Holebottom Colliery, Oldham
It's been written that there is a novel in all of us, just waiting to be written. Well, I'm not so sure about that! However, I do believe that there is a story in all of us, waiting to be given a 'voice'.
Our numerous articles are scattered through the Brqnch pages so, to help you find the ones you might find most interesting, the Research/Local Interest page HERE is going to serve as our pictorial index page, where you can follow a link directly to an article that catches your interest.
Below, you will find three featured articles, which will change from time to time.
The Local Studies & Archives Library, open 6 days a week, is the 'go-to' place for everything about Oldham. It has a close association with our own society and is happy to promote Family History research. A visitor will find helpful staff to point them in the right direction, guiding their research. Computers are available, free of charge, to use Family History websites, such as 'Ancestry' and 'Find My Past. They can also provide access to the many digitised archives, for example the thousands of local photographs. The local newspapers can be viewed on the film-readers. Most of the many and varied historical source materials are archived on-site and can be viewed very quickly, when requested. However, some items are stored off-site, and need to be requested in advance. The Local Studies also offers a considerable library of old and modern publications, maps etc., which can be browsed at will by the the visitor.
Our Branch and individual research activities can include anything and everything that we can discover about our ancestors, their lives and their stories.
extracts transcribed :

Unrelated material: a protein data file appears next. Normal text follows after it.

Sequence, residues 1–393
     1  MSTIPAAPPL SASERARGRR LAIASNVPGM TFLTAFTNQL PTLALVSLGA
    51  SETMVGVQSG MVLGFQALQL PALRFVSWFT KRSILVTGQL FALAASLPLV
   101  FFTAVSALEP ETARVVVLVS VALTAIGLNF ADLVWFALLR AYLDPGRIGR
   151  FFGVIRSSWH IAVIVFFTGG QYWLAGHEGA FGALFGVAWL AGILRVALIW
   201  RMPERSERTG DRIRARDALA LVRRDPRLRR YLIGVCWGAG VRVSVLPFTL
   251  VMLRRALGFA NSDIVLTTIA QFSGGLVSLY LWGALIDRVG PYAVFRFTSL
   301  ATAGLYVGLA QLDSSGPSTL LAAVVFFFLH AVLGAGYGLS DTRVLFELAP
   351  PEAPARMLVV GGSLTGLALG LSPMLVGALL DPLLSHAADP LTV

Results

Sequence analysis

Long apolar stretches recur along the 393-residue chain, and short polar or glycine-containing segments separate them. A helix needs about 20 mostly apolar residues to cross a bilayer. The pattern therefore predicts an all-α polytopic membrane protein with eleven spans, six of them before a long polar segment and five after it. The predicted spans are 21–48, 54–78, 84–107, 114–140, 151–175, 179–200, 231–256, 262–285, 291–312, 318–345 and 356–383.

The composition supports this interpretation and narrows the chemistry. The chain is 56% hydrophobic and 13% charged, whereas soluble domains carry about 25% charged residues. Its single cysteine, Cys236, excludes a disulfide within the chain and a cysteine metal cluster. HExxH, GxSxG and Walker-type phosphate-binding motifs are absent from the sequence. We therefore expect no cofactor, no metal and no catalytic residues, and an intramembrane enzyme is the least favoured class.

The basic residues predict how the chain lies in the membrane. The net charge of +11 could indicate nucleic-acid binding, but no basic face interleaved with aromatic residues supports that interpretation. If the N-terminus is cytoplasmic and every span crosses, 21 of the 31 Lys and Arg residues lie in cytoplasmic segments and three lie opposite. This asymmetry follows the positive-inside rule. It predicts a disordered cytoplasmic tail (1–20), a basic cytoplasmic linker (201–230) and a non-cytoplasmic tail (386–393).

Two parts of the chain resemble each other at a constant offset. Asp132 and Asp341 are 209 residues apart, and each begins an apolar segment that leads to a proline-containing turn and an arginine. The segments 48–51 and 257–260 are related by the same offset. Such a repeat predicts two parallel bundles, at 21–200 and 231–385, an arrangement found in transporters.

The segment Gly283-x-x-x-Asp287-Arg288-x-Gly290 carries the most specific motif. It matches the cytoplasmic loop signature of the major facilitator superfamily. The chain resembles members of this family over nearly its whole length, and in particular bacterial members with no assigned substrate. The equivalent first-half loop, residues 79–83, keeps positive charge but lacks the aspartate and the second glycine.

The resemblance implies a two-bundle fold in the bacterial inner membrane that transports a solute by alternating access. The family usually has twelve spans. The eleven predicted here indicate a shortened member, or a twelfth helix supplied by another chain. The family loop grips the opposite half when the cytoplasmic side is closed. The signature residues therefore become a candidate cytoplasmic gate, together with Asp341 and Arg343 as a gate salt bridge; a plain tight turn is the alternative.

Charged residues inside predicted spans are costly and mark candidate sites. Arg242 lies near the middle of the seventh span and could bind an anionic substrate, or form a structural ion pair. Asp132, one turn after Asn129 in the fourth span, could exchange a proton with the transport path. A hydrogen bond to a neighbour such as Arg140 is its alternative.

the 'Introduction'; pps. 93 - 134 ; and Index.
Church graveyards, with a date range of burials; sometimes a name of the deceased in the first burial; reports of the first public cemeteries etc., and contact details for them.
An Account of the Battle; names of local men who died; and the names of all other men in the 16th, who died on the day or from the wounds received.
Over the years our Oldham members have contributed to many of the society’s transcription and research projects. In the last few years there have been a number of centenaries and bicentenaries which had particular importance for Oldham & District. They included the centenary of the 'Women's Right to Vote' movement, which included local women. The Bicentenary of Peterloo was important to us ... the inquest on the death of John Lees, as a result of the yeomanry action, became of national importance.
Oldham is fortunate to have amongst its famous names (as regards local history) William Rowbottom who wrote a diary of daily happening in Oldham, from 1787 - 1830; Giles Shaw who, in 1888, wrote 'Local Notes & Gleanings - Oldham and Neighbourhood in Bygone Times', in 3 volumes; and last, but certainly not least, the various publications by Butterworth father and son, James & Edwin. Edwin Butterworth's 'Reports', from the early and mid 19th century, are particularly useful as they pre-date the first issues of the local newspapers.
A number of the Branch's research contributions to the website can be found in the 'Society Members' Only' pages.
Under the 'Documents' link, you will find a list of the research work undertaken by Oldham Volunteers, and only available to Society Members.